From: Philipp K. Janert <janert@ie...>  20080523 23:15:36

I just submitted a patch (1970923) which draws a smooth histogramlike curve for a random collection of points, using a Gaussian kernel density estimation algorithm. Demos are found here: http://www.philippjanert.com/kdensity The new method has the following advantages over the classic way of generating histograms using "smooth frequency":  the resulting histogram is a smooth curve, making the effect of binning less severe  it handles intermediate "bins" with no points in them gracefully. (smooth freq does so only if used "with boxes", but if you use "with lines" for example, the line will not drop to zero if an intermediate bin is empty) The method is invoked like a weighted smoothing algorithm: plot "data" u 1:(1):(1) smooth kdensity where the 2nd parameter is the weight of each point and the 3rd parameter is the bandwidth to be used. This patch complements the "smooth cumulative" algorithm as another way to visualize the distribution of a collection of random points. Comments and suggestions are welcome. Best, Ph. 
From: <plotter@pi...>  20080524 07:10:59

On Sat, 24 May 2008 01:15:37 +0200, Philipp K. Janert <janert@...> wrote: > I just submitted a patch (1970923) which > draws a smooth histogramlike curve > for a random collection of points, using > a Gaussian kernel density estimation > algorithm. > Demos are found here: > http://www.philippjanert.com/kdensity very interesting. My initial impression on looking at your top left example is that there is a phase shift of +half a box in x most visible in the 0.01 and 0.05 plots. Considering that x=0 is in the middle of the first box it appears that the fits are responding in a way that aligns with the right of each box. It's a bit subjective due to the nature of the data but this is my impression for the peaks at 0.2 0.4 and 0.5 Maybe you could test this effect with a rapid change in the data. I also think there is an egde effect at the begining and end of the data. This is a common problem when applying this sort of technique to image data. How to deal with edges when the kernel goes outside the data. There are several "solutions" which involve falsely extening the data but applying a kernel to an incompete sample range is effectively filling it with zeros and is equally false. It's like a running mean cannot be meaningful upto the edges of the sample range since there are not enough samples to take the mean over. This also gives an artificial drop off at the edges. This is also rather marked near the origin in your lognormal example. In image processing it's just a case of prettying up the edges but in a scientific context this is clearly not appropriate. I think the only rigourous way to deal with this is not to plot the part where the data is incomplete. I hope the comments are useful. best regards, Peter.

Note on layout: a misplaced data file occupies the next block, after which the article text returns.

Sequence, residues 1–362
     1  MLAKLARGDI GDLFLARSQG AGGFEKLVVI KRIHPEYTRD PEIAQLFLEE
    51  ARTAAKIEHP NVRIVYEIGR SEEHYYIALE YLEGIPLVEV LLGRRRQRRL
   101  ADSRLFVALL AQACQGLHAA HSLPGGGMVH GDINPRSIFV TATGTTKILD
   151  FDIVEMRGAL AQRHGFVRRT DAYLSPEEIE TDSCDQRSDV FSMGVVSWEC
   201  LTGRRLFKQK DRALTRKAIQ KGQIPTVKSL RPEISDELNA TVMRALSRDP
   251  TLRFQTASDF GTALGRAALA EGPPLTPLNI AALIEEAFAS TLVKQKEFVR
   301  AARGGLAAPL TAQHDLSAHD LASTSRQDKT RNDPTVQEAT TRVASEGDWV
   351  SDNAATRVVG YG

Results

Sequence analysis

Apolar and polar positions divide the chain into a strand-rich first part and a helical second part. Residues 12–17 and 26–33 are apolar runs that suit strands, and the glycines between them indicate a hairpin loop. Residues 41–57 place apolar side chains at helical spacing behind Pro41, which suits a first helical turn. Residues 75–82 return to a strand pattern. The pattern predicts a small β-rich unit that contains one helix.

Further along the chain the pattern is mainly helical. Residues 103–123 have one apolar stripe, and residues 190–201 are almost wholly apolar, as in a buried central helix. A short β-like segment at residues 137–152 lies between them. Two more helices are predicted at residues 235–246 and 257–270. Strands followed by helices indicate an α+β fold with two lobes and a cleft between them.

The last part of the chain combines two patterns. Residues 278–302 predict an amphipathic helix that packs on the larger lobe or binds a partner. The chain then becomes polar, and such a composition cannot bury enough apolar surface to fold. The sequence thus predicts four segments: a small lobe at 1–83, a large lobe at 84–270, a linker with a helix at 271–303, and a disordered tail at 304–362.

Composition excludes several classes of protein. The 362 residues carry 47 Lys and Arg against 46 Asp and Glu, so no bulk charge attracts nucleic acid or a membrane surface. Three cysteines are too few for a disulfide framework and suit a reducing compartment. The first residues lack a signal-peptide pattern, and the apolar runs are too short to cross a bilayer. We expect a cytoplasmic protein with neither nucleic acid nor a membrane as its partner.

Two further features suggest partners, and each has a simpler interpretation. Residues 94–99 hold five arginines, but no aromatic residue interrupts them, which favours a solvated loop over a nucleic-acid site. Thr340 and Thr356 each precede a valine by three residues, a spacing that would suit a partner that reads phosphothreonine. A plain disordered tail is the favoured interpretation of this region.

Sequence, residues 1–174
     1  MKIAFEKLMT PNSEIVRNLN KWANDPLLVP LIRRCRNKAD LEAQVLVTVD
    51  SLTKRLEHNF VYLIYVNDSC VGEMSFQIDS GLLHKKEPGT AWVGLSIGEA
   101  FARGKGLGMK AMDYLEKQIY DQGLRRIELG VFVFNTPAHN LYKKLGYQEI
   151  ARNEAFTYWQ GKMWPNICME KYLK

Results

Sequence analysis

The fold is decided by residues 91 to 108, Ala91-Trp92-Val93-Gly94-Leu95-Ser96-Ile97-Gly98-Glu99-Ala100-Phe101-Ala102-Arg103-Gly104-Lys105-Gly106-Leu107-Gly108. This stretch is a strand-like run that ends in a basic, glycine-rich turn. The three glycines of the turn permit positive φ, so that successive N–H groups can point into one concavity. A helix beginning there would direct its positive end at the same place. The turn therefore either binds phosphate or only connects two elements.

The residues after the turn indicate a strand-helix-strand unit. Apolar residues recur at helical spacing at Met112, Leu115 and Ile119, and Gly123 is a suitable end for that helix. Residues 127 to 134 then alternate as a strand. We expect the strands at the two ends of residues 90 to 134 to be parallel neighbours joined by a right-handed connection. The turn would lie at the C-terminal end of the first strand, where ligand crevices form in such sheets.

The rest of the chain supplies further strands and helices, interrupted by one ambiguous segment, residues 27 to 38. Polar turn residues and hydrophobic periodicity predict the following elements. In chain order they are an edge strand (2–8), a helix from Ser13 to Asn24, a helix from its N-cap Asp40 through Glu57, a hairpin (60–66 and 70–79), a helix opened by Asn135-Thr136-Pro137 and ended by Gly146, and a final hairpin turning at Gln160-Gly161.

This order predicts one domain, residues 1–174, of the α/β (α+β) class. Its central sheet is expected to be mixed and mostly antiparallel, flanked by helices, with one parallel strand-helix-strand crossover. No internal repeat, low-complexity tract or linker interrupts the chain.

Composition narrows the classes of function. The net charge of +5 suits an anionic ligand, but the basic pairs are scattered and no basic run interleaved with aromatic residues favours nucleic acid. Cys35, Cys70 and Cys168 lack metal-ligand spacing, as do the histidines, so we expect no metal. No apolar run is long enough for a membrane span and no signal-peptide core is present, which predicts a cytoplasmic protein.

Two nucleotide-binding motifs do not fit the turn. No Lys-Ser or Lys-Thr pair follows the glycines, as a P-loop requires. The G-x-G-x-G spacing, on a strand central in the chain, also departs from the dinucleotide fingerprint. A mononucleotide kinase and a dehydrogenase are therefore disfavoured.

From: Philipp K. Janert <janert@ie...>  20080525 23:41:33